First, this is a beautifully produced book with glorious photography and excellent design. As I began reading, I also began to chuckle at the authors' humorous approach to the eccentricities of New England weather. In all my years of gardening, in many parts of the country and even the world, I don't remember a garden guide that compares the weather effects of rural against urban, and how elevation can also change the equation. How many people know that deep snow acts as insulation that protects plants? Or that sometimes a gardener can develop a microclimate and enjoy plants and shrubs that might not otherwise survive?
New England Gardener's Handbook provides excellent basics for beginners, or newcomers to the region. The attention to detail reminds me very much of my old favorite, the "Western Garden Book", a Sunset Magazine publication from the late sixties. As mentioned above, the photographs are amazing in this 8 x 10 book filled with maps and icons for understanding the text. Eleven comprehensive sections list plant varieties alphabetically by common name, with full details for year-round maintenance and care.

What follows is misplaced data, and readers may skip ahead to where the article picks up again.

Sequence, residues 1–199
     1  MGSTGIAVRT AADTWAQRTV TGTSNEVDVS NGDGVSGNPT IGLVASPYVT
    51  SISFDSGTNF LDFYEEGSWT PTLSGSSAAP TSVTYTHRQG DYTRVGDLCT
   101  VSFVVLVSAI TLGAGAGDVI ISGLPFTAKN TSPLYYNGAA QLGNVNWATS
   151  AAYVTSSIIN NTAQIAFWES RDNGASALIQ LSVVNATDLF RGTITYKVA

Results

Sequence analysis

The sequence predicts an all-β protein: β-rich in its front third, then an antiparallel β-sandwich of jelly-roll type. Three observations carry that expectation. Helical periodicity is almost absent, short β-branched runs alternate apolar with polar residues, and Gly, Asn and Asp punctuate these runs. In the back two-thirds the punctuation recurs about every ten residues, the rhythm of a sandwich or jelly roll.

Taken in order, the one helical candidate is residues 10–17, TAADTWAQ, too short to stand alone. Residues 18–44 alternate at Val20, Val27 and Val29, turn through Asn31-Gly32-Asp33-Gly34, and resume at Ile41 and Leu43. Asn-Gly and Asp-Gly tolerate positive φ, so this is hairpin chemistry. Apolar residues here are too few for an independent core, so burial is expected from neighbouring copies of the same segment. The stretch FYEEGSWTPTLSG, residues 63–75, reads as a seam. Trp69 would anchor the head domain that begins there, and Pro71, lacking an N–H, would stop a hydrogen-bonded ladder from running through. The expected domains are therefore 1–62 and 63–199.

After an introduction to environmentally sound gradening practices and an explanation on using the book, the sections that follow include annuals, perennials, bulbs, groundcovers, lawns & ornamental grasses, roses, vegetables & herbs, shrubs, vines, trees, and conifers. The Appendix covers pests, diseases, & controls; fertilizer & plant nutrition; pruning trees & shrubs; wildlife in the garden; and starting seeds indoors.
A good glossary, bibliography, and index round out this excellent regional gardening book written by well-known and respected garden authorities Jacqueline Heriteau, Holly Hunter Stonehill, Liz Ball, James Fizzell, and Joe Lampi.
With spring just around the corner, I'm now prepared.